After two severe weather disturbances that took place in the first half of November 2020 heavily hit eight regions in the Philippines, Pres. Rodrigo Duterte immediately signed Executive Order No. 120 creating the Task Force Build Back Better (TF-BBB) to initiate a comprehensive and integrated recovery. Cagayan and Marikina valleys suffered the heaviest damage and human casualties as floods and its aftermath landslides placed many parts of the country in a state of calamity for weeks. Typhoon Rolly (international name: Goni) made its landfall on 1 November 2020 and several days after its onslaught and in almost the same path, Typhoon Ulysses (international name: Vamco) carried with it heavy rains as it reached the Philippine shorelines on 11 November 2020. Tuguegarao and Marikina cities were in deep floods as Ulysses traversed the Philippine area of responsibility. The National Disaster Risk Reduction Management Council reported over 2.3 million people affected across eight regions in the country. Reports indicated that 23,089 individuals displaced were moved to evacuation centres while 46,987 individuals displaced stayed outside evacuation centres. The death toll from Ulysses has reached more than 70. It has severely damaged property and infrastructure in some areas. Videos circulating in social media showed floods reaching the roofs in some parts of Cagayan and Marikina City. Two agencies, the Department of Environment and Natural Resources (DENR) and the Department of Public Works and Highways (DPWH), were given the lead role in a task force working on an operational mode adopting the “whole-of-society approach”. All government agencies and instrumentalities were mandated by EO 120 to take part. After eight months of work, the TF-BBB has made significant gains in pursuing rehabilitation and post-recovery initiatives. DENR has realised that problems such as this needs to consider all factors affecting the whole watershed catchment basin where floods occur. Environmental advocates and experts often refer to this approach as the ridge-to-reef initiative. "In the months since we set out to work in November last year, we have now set into motion significant post-disaster recovery initiatives in three priority geographic areas involving the restoration of Cagayan, Marikina, and Bicol River basins," DENR Secretary and TF-BBB chair Roy A. Cimatu said. Cagayan River Dredging: Agencies in Action Cimatu and TF-BBB co-chairperson Secretary Mark A. Villar of the Department of Public Works and Highways (DPWH) led the ceremonial dredging of sandbars along Cagayan River’s constricted midstream and planting of Bamboo seedlings on the riverbank of Barangay Bangag in the town of Lal-lo, Cagayan last 2 February 2021. After removing the sandbar obstacles that impede water from flowing freely, the roots of planted Bamboos should serve as a soil binder to keep the riverbank intact in the future. There are three priority sandbars to remove near the Magapit bridge, measuring about 235 hectares with an estimated volume of seven million cubic meters, according to TF-BBB statements captured by the media. The first phase of DPWH dredging operations targeted this choke point which a past study identified as the cause of flooding in Tuguegarao City and other settlements near the riverbanks. TF-BBB in Region 2 is chaired by Regional Executive Director Gwendolyn Bambalan of the DENR and co-chaired by Regional Director Loreta Malaluan of the DPWH. In her message during one of the virtual sessions of the task force, Director Bambalan lauded the different government agencies for their support to the Build Back Better initiatives in the region. "The regional TF-BBB is not only addressing the protection and conservation of the environment but also the welfare of barangays and families affected by the restoration of the Cagayan River," Director Bambalan said. In that meeting, the DPWH discussed the dredging operation and riverbank protections works. The Department of Human Settlement and Urban Development gave an update on the status of resettlement projects while the Office of Civil Defence reviewed the improvement of systems and essential services. The Department of Trade and Industry also presented its accomplishments on livelihood projects. For its part, the Department of the Interior and Local Government presented its agenda for strengthened governance and mainstreaming of disaster-risk reduction and climate change action. Representatives of the Land Registration Authority also attended the meeting. The LRA will be the partner agency of the DENR for the easement recovery along the Cagayan River. The Technical Education and Skills Development Authority (TESDA) has trained residents who were eventually hired as laborers and equipment operators to help carry out the dredging operations. TF-BBB has also engaged the Department of Labour and Employment (DOLE) to provide employment assistance to 120 residents for the planting and nurturing of bamboo trees in Tuguegarao City and the towns of Alcala, Enrile, and Gattaran. This will be implemented through DOLE's "Tulong Panghanapbuhay sa Ating Disadvantaged/Displaced Workers" or TUPAD program. Magat Dam blamed In many reports published and echoed in mainstream media and social media, the opening of the Magat Dam floodgates was blamed as the cause of flooding. The National Irrigation Administration (NIA) came out with a fact check to clear its liability. Even the Senate initiated moved to investigate the matter. NIA’s acting department manager of Public Affairs and Information Office, Eden Victoria Selva, came up with a comprehensive technical response, explaining that the Magat river is just one of the many river systems draining to the Cagayan River. “It is noted that the carrying capacity of the Cagayan River is 25,400 m3/s while the maximum volume of water released from the Magat Dam is only 6,706 m3/s indicating that water discharge of Magat Dam due to Typhoon Ulysses is not the main cause of massive flooding in the provinces of Isabela and Cagayan,” Selva said in an article that appeared in INQUIRER.net on 10 June 2021. The controversial statements blaming the Magat Dam’s release of water also aroused public perception that points responsibility to the occupants of watershed areas in the upstream of Magat River. Those affected by the floods were quick to call for punitive actions against watershed occupants, including calls to ban mining in the province of Nueva Vizcaya, including those issued with legitimate permits to operate. Sharing the Burden of Watershed Restoration and Protection In the watersheds upstream of the Magat River, a 10-year project co-funded by the Republic of the Philippines and the Japan International Cooperation Agency is nearing completion. It is called the Forestland Management Project (FMP), a sequel of the several forestry sector projects implemented by the DENR’s Forest Management Bureau in the last 30 years. FMP is a holistic approach in Community Based Forest Management Agreement (CBFMA) areas in sub-watersheds in the upper areas of the Cagayan River, particular the provinces of Nueva Vizcaya, Ifugao and Quirino. FMP is also present in the Upper Pampanga River in Nueva Ecija and in Jalaur River in Iloilo. Anselmo Cabrera, an Institutional Development Specialist working at the Central Project Management Office of the FMP at the DENR Central Office, has proposed a cost sharing mechanism that Watershed Management Councils should develop for mainstreaming. He said there must be a system where every citizen or institution using water can pay for environmental services performed by duty-bearers protecting and maintaining watersheds. Through a cost sharing mechanism, communities living in critical watershed areas will be compensated for their efforts to ensure there is sufficient forest cover. With this scheme, upland farmers could minimize soil erosion by planting permanent crops instead of clearing spots to plant vegetables and other short-term cash crops. The FMP has so far initiated several hundred of hectares planted with coffee, Guyabano, Rambutan, and other fruit bearing trees. About 35 people’s organizations benefitting over 5,000 households, mostly from Kalanguya, Ibaloi, Isinai, Iwak and Ifugao indigenous cultural communities, LGUs were also called to take a more active role in watershed protection. Cabrera welcomes the favourable result of the Mandanas Ruling, where local governments won in getting their share in revenues collected outside the Bureau of Internal Revenue. The Supreme Court has ruled that LGUs can now get a share from the collection of the Bureau of Customs and other national revenues. Information available from the Department of Budget Management (DBM) revealed LGUs, which include provinces, municipalities, and barangays, could get as much as 37% increase in their internal revenue allotments from the national government in 2022. A DBM advisory directed LGUs to use these additional money to fund the full devolution of services, of which, integrated social forestry is one. Nueva Vizcaya Governor Carlos M. Padilla made a friendly overture when nasty comments were posted over social media by angry residents of Tuguegarao City who wallowed in deep floods for several days after Typhoon Ulysses. Some people accused people in Nueva Vizcaya of denuding the watersheds. Relief goods from Nueva Vizcaya were immediately sent in flood-stricken areas, a gesture that Cagayan Governor Manuel Mamba deeply appreciated publicly. He also called for collaboration between people downstream and upstream of the Cagayan River to understand and take actions together. During the last Watershed Management Council meeting, Gov. Padilla reiterated the importance of collaboration and networking to save watershed commons. He recalled a 2018 agreement with stakeholders which includes big water users such as SN Aboitiz and NIA, the two institutions managing the Magat hydropower and irrigation dam in Ramon, Isabela. Also included in the public pledge of support to the 2018 Nueva Vizcaya Declaration on Water are thousands of farmer’s organizations using water resources for irrigation and water utilities, like Solano Water and other entities providing services to majority of urban households. Watershed Management Councils were potent avenues for collaboration in watershed protection and maintenance. In Davao, a bulk water project implemented by Apo Agua Infrastructura, Inc. mentioned in a webinar that the Watershed Management Council has played a crucial role in mobilising communities and people. The TF-BBB in Cagayan Valley experience could be one of the best in the current administration’s whole-of-society approach in big projects. By mobilising both government agencies and communities, it has covered all areas of concern from the top of mountain ridges to the reefs in the sea. It would be exciting to measure if the impacts are indeed better ten years from now.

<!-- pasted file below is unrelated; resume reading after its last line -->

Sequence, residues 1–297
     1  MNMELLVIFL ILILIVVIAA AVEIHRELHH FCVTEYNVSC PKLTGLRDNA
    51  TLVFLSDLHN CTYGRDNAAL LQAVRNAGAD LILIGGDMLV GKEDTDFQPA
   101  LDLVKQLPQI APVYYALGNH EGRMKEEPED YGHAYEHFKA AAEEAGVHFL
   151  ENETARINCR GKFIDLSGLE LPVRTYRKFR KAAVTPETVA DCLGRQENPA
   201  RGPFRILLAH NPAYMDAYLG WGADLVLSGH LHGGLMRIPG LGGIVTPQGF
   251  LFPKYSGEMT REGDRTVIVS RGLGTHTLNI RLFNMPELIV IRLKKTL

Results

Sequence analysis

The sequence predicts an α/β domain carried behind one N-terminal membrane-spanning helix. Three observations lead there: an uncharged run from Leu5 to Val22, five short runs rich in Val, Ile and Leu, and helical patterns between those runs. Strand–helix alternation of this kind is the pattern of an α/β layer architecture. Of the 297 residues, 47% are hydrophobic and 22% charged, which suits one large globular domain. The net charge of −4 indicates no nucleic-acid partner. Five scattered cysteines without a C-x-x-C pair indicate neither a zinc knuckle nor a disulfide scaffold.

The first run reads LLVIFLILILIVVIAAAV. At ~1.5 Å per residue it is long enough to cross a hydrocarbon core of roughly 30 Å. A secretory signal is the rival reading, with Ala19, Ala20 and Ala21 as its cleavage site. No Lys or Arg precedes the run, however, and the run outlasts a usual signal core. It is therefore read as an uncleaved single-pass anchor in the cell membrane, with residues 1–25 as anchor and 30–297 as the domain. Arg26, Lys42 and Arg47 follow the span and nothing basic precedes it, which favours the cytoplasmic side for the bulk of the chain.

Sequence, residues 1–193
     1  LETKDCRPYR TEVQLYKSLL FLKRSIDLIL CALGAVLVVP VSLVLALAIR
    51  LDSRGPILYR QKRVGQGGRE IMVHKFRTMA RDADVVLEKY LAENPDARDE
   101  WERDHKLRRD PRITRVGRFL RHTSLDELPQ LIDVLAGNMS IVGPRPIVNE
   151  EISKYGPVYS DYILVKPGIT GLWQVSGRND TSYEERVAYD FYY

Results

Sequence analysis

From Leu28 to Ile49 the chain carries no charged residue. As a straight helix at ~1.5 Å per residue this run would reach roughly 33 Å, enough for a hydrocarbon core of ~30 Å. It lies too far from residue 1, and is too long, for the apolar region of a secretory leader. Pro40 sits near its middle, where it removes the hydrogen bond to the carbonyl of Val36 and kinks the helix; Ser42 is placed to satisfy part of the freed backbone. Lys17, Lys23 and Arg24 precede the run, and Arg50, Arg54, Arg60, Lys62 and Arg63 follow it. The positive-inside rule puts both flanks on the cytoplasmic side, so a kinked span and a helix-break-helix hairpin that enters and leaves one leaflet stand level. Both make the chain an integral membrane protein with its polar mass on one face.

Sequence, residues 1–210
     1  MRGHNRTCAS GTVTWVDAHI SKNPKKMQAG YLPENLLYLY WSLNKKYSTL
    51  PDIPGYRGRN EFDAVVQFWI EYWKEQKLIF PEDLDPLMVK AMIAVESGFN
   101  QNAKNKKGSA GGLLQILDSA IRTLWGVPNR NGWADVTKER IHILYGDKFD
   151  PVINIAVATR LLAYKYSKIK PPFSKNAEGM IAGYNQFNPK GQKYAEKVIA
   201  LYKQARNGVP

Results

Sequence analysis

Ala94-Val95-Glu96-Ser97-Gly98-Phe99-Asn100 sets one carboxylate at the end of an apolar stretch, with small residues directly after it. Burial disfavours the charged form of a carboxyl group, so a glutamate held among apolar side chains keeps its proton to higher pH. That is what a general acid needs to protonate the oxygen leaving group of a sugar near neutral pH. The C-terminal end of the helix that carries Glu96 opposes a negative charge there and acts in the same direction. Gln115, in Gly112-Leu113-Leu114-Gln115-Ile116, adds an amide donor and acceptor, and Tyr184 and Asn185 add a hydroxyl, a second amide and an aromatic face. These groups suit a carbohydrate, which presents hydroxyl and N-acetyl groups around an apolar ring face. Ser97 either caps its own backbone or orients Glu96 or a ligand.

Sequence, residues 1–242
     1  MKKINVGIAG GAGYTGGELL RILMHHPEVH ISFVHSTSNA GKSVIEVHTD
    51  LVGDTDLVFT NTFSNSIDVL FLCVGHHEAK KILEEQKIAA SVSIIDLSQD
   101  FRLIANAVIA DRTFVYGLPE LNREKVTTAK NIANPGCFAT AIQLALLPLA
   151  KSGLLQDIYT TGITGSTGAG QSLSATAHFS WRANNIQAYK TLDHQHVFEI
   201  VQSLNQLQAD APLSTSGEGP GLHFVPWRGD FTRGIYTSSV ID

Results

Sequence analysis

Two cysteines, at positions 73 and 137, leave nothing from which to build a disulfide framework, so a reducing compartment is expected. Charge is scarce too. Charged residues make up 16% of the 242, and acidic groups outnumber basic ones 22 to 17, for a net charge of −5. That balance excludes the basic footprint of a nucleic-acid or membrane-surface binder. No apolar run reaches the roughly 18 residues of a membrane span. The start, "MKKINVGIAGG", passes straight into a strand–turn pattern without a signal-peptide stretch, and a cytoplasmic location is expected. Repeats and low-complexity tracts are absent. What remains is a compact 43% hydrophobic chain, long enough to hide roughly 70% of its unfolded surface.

Philippine Resources - June 22, 2021